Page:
Minister of Health Jappie Mhango has said Malawi which has so far confirmed 33 cases of COVID-19 and three deaths is recording a jump in the spread of the virus pandemic.
Mhango said on Thursday that although those figures are still relatively small in the global picture, the sharp increase in cases is a cause for concern.
According to Mhango, the new cases are from the Kayeleka suburbs of the Capital, Lilongwe, where five other cases were also confirmed in the past 2 days.
“We had followed contacts and collected 24 samples and out of these 10 were confirmed to be positive,” said the minister in a daily update on the pandemic.
Mhango, however, he said all the active cases are in mild conditions and that health workers are still on the ground to ensure that all contacts are followed up and that all active cases are managed.
The minister urged the public to continue with practising the preventive measures, which include staying home, and to consult a doctor when experiencing severe symptoms.
“People should cover cough or sneeze with a tissue, then throw the tissue in the trash and wash your hands thoroughly with soap and water.
“People should avoid close contact with people who are visibly sick with flu-like symptoms fever, cough, and sneeze,” the Minister said.
Mhango said if soap and water are not available, people should use an alcohol-based hand sanitizer to fight against the spreading of the virus.
He assured Malawians that they should know that all deaths from Coronavirus and other similar diseases are handled by health care workers.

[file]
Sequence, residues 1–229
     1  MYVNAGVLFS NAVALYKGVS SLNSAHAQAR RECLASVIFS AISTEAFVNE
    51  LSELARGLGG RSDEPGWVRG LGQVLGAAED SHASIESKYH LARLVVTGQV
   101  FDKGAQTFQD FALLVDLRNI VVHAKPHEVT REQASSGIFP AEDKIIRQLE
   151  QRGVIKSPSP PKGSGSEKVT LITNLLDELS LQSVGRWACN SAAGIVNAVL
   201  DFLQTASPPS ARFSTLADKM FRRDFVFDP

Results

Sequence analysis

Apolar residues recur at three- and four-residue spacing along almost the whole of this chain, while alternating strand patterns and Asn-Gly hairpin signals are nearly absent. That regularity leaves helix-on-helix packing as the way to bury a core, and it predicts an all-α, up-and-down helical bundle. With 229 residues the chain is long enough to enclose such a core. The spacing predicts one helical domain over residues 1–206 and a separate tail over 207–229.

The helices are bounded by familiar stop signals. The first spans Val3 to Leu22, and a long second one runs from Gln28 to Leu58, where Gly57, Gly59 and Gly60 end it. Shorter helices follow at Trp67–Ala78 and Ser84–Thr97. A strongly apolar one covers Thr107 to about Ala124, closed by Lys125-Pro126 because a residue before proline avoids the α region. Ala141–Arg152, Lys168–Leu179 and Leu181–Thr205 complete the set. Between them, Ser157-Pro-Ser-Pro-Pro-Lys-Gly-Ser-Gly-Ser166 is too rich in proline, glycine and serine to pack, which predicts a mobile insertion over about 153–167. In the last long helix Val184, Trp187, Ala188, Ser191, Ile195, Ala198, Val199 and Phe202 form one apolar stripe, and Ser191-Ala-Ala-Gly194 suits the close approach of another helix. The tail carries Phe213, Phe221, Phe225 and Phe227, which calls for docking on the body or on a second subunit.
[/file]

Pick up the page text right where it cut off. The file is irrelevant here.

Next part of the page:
Meanwhile, Africa registered a 43 per cent jump in reported coronavirus cases in the last week, highlighting a warning from the World Health Organization (WHO) that the continent of 1.3 billion could become the next epicentre of the global outbreak.
African governments reported a total of nearly 26,000 cases as of Thursday, according to the Africa Centers for Disease Control and Prevention.
That figure is up from just over 16,000 a week ago and around 1,200 people have died with the disease on the continent.
The surge in infections on the continent is almost certainly under-reported and even higher in reality, say medical experts.
Africa also has a ‘very, very limited’ and ‘very, very strained’ testing capacity, John Nkengasong, director of the Africa Centers for Disease Control and Prevention, said in his weekly briefing.
WHO’s recent report painted a grim picture for Africa, one of the last continents to be hit by the pandemic.
The UN agency warned the virus could kill more than 300,000 people and push 30 million into desperate poverty.
Africa still has time to avert such a disaster, Nkengasong said, but testing people and tracing virus cases is critical.Follow and Subscribe Nyasa TV :